I just lost a tough case and, as in any loss, I am bitter about it. My client faces 60 years for the shooting of a rival gang member in Hartford’s North End. We tried the case twice, the first time to a hung jury. On Monday, a jury returned a quick guilty verdict.
The case turned on the testimony of two witnesses, one a man who claimed to be the driver as my client mowed down the decedent with an assault rifle. This witness was facing charges in some 14 attempted and conspiracy to commit murder charges, a man who had already pleaded guilty to another murder and had been sentenced to 42 years. He’d struck a deal with the state, hoping for leniency in exchange for “truthful” testimony.
The other witness was a woman who claimed my client had shot at her one night. She claimed to have been returning home from a birthday party one night when two men opened fire on her for no reason at all.
Hartford’s North End is much like Hobbes’s state of nature: Life can resemble a war of all against all; it is too often nasty, solitary, brutish and short.
All criminal defense lawyers hate cooperating witnesses. We call them “rats” who are willing to do, or to say, anything in order to gnaw away at the chains binding them to a prison wall.
The state, by contrast, loves what they call “cooperators.” There’s even a set argument prosecutors use in asking jurors to believe these witnesses. “The state does not go to central casting for its witnesses. Bad men associate with other bad men,” or some such.
Try enough cases, and these arguments sound trite, even tedious — there are only so many ways to argue the recurring crises we call life.
So in this case, I dug into the cooperator as best I could. You’re a murderer, aren’t you? You want this jury to believe you so that the state will set you free to kill again, isn’t that right? You shot children at a parade, didn’t you? The state was objecting during these questions, but defense lawyers learn early to ignore the sound of a prosecutor’s voice.
The press, of course, rarely reports on a cross-examination. It’s as though they are trained to hear only the obvious. No matter how foul the witness, the next day’s report is typically a straight narrative of whatever the prosecution’s witness said in response to the prosecutor’s questions.
I’ll concede that watching a trial is a lot like watching ice melt on a cool day. Yes, the shape of what remains when time passes differs, but the shape changes in slow, almost imperceptible, ways.
In this case, I hammered away on all the people the rat had shot at, all the folks he tried to kill. I sported with him when he seemed to have forgotten one of his homicides. But he never lost his cool. He was a cold-blooded killer; what would a little cross-examination do to him.
The other witness, the woman who claimed my client shot at her, was another story. I walked her through the testimony she had offered at this trial, and a previous trial, and a grand jury proceeding, and her sworn statement to the police. She could rarely assert the same detail twice under oath. If the jury believed a word she said, I suspect they’re also willing to purchase a certain bridge in Brooklyn.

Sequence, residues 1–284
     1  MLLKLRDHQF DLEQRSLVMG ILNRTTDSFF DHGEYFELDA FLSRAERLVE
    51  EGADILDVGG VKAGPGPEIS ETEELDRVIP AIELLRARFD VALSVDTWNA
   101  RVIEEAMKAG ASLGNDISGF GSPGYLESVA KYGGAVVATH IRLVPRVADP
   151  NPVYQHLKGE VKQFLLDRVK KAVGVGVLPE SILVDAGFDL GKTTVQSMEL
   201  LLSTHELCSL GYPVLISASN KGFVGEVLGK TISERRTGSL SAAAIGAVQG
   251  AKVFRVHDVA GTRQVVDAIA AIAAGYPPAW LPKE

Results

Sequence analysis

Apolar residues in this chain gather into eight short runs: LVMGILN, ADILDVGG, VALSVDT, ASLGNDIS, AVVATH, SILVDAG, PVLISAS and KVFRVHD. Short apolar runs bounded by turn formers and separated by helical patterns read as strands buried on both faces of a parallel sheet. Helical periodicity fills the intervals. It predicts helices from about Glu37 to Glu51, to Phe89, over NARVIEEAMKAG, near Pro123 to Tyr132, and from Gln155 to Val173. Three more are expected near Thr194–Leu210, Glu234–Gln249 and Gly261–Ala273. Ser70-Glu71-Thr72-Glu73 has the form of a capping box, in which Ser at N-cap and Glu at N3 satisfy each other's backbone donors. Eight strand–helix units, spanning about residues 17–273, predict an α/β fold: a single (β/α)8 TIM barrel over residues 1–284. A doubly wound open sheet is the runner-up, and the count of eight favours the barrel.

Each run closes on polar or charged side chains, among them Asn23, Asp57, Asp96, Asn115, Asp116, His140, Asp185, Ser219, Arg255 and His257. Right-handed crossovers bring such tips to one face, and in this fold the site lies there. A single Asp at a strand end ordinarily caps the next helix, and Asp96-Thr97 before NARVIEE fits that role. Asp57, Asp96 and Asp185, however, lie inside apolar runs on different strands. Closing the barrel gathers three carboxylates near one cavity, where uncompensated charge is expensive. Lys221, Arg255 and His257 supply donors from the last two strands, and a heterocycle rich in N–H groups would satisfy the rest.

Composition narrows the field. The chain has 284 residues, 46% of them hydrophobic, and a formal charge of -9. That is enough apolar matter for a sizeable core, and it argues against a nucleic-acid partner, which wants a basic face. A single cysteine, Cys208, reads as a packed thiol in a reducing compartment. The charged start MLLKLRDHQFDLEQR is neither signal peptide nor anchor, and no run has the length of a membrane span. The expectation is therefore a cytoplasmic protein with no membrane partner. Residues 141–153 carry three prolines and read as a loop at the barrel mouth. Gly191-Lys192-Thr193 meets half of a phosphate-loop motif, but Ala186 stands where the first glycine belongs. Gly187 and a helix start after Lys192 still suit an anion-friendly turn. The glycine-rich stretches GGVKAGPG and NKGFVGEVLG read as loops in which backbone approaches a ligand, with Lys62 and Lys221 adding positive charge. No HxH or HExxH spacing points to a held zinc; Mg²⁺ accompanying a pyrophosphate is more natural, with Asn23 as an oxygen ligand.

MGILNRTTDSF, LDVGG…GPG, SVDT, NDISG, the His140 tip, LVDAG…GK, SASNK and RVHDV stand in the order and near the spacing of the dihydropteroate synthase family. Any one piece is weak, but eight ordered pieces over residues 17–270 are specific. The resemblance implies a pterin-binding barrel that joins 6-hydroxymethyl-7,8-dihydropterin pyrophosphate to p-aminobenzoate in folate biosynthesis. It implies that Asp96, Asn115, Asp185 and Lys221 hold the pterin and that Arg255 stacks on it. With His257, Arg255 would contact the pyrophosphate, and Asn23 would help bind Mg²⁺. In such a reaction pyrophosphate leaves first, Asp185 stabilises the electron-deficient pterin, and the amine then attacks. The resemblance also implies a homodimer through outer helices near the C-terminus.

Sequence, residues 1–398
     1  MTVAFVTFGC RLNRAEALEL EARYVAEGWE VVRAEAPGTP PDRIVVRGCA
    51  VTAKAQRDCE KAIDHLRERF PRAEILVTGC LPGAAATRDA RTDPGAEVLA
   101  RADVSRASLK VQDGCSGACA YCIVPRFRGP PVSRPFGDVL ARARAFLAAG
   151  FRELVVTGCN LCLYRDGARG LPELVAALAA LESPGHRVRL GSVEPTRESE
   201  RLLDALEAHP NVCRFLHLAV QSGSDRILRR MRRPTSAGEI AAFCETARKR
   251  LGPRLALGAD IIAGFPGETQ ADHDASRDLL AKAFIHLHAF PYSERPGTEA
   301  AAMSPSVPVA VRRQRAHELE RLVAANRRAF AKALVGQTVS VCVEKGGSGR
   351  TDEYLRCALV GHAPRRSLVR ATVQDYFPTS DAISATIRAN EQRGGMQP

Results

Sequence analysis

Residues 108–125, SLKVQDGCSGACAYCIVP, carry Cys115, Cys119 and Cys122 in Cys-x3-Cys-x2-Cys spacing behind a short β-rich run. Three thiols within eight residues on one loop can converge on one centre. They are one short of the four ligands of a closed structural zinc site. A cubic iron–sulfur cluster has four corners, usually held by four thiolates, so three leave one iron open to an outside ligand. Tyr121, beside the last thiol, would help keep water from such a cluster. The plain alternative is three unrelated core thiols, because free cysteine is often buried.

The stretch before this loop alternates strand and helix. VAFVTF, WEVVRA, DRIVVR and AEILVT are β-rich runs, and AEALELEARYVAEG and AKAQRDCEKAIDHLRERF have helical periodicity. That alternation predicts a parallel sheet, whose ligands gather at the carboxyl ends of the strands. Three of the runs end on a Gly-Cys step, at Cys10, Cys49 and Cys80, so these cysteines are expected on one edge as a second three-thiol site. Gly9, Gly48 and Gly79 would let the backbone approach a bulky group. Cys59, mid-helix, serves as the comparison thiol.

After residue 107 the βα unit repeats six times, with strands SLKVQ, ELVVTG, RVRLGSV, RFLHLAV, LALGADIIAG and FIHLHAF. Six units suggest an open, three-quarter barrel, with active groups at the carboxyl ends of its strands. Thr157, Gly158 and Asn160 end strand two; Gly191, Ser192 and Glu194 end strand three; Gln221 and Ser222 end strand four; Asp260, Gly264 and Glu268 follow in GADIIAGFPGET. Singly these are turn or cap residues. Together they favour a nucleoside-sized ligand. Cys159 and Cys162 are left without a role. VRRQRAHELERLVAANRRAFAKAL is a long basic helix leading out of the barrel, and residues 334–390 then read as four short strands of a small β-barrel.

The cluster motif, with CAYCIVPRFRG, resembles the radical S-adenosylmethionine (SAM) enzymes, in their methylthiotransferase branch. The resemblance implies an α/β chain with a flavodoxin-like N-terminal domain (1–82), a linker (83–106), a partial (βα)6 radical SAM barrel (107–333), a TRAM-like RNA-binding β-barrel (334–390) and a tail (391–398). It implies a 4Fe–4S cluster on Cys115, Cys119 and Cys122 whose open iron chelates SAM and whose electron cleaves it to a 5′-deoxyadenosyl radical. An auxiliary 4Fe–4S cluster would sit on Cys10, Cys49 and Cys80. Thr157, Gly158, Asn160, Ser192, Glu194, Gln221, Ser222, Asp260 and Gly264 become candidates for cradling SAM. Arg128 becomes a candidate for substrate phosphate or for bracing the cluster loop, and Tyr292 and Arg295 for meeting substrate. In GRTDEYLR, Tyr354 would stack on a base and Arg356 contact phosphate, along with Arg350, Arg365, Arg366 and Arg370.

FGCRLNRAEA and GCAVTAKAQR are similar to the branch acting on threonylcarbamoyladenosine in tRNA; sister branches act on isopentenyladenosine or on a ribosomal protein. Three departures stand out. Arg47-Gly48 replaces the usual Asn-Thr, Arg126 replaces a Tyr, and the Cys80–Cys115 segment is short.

To the newspapers, however, she was an innocent woman shot at by my client for no reason, a random victim of urban terror.
The state was methodical in this case. Witness after witness recast the crime scenes, but shed no light on whether the state’s star witness, the rat, was telling the truth. The jury sat wide-eyed, stunned into something like submission by the sheer randomness of it all.
The first time we tried this case, the jury could not agree. The state failed to meet its burden of proof, but still got the right to try all over again. Double jeopardy does not bar such a re-prosecution, although it should.
At the second trial, a different jury voted guilty, all 12 of them. After the jurors left the room, we asked for an immediate sentencing. We wanted no delay. We are eager to take an appeal.
“I’m mindful,” I told the judge, “of what Jesus said to Judas Iscariot on the night Jesus was betrayed: ‘What thou doest, do quickly.’” The judge did not impose sentence on the spot. We expect a 60-year wallop come judgment day.
I read a comment one of the jurors made on her Facebook page after the jury was discharged. “I wish,” she said, “I could say I was happy that my jury duty is over.”
I wonder if that’s because she knows that at some level her verdict was the product of guesswork. Did she really believe the testimony of a killer looking for mercy? Did she buy the testimony of a woman whose testimony changed each time she took the oath? Or did she merely succumb to terror?
I’m a sore loser. I am the one who met with my client in the lockup moments after the verdict. The guards were quick to strip him of his suit, to clothe him in an orange jumpsuit and to drape him in chains.
The case read in the papers like a tale of kids killing kids for little reason. I had hoped the jury saw something more nuanced, more frightening, in court: witnesses too unreliable to support a guilty verdict.
“Why do you take such cases?,” a friend asked.
How could I not, I wanted to respond. Whatever the violence that ended a life in the North End years ago, nothing in the trial just ended brings back the dead. No rough justice, no sense of accountability, rights the wrong.
Instead, another life was destroyed.
Forgive me if I came to care for the accused, and to regard him as a family member, and a friend. I read once that all have sinned.
I lost a sinner the other day, and for that I grieve. The pity is that few who read this will understand that, or even try to understand it.